The role of ethos in the writing of proposals and manuals



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Texas Tech University


This study examines the role of ethos in research proposals and computer documentation. Rhetoricians and composition theorists have historically been interested in modes of persuasion. Aristotle identified these primary appeals (or "artistic proofs") as logos, pathos, and ethos. The logical and emotional appeals have been extensively investigated by discourse analysts; however, the ethical appeal has been relatively neglected as a subject of research. Recently, the role of ethos has become an important issue in technical writing, which has traditionally been considered the most objective type of discourse. The purpose of this study is to examine how writers of proposals and manuals project their personalities in their discourse. The method used to investigate these projected roles is ethnographic, a variation of the discourse-based interview used by Lee Odell, Dixie Goswami, and Anne Herrington.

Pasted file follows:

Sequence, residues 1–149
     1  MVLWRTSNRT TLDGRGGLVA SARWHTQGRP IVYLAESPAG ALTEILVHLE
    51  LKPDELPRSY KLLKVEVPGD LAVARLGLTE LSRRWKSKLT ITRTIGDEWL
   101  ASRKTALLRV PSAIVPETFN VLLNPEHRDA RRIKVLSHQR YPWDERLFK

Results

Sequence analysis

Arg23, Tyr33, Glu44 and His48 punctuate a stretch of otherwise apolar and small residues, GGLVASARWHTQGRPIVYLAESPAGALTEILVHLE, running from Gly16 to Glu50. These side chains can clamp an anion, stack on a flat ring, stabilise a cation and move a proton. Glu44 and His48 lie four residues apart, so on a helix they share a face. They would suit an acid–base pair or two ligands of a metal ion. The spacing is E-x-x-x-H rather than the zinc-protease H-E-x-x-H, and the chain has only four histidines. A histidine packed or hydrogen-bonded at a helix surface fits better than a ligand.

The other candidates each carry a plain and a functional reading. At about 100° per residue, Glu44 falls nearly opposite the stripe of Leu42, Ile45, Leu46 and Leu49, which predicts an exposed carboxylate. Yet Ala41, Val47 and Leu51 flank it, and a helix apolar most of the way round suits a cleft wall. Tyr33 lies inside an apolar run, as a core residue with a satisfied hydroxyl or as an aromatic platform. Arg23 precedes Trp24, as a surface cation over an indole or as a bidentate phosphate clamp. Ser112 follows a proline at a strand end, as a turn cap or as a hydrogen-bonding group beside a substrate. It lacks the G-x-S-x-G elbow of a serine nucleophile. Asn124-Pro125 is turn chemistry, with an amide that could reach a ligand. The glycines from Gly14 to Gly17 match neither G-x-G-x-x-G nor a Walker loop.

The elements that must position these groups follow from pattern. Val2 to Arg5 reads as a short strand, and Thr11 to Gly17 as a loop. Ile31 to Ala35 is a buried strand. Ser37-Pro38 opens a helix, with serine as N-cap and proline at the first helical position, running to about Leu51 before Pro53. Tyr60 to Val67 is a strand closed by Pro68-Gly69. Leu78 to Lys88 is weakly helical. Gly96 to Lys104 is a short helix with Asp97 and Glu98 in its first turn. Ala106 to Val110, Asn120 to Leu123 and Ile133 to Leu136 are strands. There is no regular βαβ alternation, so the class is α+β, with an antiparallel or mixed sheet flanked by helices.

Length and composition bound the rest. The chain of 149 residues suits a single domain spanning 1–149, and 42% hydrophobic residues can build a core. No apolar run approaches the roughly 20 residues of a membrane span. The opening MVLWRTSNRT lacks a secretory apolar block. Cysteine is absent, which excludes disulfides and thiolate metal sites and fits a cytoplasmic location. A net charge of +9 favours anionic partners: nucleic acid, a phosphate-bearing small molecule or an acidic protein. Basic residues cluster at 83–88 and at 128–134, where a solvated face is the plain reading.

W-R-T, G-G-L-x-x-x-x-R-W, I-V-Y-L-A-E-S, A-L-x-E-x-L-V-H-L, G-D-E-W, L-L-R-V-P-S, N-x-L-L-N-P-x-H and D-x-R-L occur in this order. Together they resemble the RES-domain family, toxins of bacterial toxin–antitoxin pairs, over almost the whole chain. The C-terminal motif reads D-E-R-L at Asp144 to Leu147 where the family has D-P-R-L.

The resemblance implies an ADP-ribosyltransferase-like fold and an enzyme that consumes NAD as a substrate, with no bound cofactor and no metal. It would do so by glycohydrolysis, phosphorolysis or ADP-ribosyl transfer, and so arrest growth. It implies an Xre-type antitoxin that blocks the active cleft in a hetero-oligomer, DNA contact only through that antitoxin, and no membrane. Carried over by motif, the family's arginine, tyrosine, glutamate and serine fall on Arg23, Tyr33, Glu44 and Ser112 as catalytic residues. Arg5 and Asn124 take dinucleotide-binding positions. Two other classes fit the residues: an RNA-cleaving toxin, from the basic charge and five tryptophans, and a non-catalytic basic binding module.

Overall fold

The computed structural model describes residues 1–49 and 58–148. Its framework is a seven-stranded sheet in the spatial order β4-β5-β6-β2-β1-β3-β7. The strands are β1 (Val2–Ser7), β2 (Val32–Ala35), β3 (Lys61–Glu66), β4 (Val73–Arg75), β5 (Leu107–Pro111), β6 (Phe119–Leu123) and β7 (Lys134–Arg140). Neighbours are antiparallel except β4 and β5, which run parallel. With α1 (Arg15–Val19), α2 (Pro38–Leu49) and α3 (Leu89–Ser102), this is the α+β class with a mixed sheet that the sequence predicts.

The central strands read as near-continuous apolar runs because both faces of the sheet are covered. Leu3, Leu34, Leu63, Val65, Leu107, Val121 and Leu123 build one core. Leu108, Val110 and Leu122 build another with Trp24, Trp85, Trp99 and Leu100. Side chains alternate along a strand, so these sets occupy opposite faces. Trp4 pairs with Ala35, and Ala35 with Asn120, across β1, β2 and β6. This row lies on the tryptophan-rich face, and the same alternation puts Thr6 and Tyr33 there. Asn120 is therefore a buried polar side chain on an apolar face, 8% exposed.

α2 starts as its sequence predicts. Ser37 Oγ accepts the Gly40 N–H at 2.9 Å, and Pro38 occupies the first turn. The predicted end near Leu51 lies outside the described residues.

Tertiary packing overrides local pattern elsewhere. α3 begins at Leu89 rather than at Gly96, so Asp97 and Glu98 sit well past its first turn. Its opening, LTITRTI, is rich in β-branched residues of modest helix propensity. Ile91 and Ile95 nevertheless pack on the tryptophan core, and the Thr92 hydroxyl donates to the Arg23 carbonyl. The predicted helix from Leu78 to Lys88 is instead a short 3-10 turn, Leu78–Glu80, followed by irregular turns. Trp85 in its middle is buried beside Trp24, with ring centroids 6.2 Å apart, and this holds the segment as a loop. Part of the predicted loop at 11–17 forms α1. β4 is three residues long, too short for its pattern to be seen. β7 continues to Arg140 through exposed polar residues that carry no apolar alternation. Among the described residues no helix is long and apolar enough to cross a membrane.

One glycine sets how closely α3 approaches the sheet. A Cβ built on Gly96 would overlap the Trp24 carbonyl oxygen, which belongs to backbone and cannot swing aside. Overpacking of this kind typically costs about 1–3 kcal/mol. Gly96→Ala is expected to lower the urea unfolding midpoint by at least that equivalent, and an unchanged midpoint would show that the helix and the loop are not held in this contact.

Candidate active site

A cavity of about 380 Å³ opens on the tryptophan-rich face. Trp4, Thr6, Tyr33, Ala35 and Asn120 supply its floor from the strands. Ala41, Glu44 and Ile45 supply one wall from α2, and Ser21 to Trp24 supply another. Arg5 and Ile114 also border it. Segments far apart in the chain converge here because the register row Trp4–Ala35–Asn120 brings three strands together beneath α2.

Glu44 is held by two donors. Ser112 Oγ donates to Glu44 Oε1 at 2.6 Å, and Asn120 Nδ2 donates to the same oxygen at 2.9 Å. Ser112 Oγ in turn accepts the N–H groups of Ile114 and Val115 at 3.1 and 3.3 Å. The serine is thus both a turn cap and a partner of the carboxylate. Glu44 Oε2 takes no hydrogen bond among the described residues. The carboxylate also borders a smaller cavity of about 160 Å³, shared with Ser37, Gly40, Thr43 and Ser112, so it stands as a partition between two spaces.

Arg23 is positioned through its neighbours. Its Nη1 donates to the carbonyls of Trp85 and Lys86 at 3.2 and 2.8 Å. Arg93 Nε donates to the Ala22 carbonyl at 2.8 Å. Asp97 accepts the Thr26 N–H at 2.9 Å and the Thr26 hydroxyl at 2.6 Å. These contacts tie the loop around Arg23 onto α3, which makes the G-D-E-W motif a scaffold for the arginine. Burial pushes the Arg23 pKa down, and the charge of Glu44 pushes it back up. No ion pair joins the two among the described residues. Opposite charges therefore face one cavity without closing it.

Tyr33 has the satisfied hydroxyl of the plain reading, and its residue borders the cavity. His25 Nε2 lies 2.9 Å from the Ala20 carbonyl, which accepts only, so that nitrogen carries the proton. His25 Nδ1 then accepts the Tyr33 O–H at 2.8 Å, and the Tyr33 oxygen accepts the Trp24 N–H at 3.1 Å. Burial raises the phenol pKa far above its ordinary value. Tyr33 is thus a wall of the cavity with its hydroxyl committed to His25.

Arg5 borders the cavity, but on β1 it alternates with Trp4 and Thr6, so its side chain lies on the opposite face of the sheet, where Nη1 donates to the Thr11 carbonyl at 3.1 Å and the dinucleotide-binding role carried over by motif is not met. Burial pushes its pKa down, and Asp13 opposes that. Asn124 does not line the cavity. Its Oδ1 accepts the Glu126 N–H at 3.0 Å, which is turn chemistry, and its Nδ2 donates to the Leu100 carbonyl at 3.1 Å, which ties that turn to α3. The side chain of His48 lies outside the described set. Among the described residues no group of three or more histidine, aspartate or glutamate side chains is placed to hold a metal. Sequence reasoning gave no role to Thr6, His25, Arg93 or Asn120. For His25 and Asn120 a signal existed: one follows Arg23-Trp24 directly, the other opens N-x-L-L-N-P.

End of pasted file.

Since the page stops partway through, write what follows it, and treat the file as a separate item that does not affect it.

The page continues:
The first two chapters examine the theory of ethos. Chapter 1 reviews the role of ethos in classical and modern rhetoric; Chapter 2 explores the role of ethos in technical writing theory. The following three chapters detail the study itself. Chapter 3 focuses on the methodology of the study, and Chapters 4 and 5 include transcripts of interviews with writers of manuals and proposals. Chapter 6 contains the results, and Chapter 7 concludes the study.